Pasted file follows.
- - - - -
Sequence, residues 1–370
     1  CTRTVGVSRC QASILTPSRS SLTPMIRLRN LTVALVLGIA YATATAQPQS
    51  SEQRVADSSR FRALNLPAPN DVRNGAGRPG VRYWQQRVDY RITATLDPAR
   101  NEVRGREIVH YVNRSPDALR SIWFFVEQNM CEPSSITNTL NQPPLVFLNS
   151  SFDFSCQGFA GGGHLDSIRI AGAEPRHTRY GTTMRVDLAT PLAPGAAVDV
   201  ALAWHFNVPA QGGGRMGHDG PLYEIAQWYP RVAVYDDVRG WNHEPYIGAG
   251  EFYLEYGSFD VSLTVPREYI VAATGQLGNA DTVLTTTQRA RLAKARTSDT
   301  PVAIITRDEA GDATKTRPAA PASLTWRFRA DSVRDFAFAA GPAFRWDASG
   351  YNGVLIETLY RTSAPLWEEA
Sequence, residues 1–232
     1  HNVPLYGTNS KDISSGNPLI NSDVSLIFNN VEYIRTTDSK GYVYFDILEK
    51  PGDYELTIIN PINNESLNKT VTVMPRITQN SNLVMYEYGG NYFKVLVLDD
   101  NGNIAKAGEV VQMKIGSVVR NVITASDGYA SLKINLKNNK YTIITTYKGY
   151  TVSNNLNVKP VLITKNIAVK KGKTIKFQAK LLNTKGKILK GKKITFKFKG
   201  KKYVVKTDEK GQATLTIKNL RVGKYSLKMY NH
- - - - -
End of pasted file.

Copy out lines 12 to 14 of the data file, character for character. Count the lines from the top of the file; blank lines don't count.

    51  PGDYELTIIN PINNESLNKT VTVMPRITQN SNLVMYEYGG NYFKVLVLDD
   101  NGNIAKAGEV VQMKIGSVVR NVITASDGYA SLKINLKNNK YTIITTYKGY
   151  TVSNNLNVKP VLITKNIAVK KGKTIKFQAK LLNTKGKILK GKKITFKFKG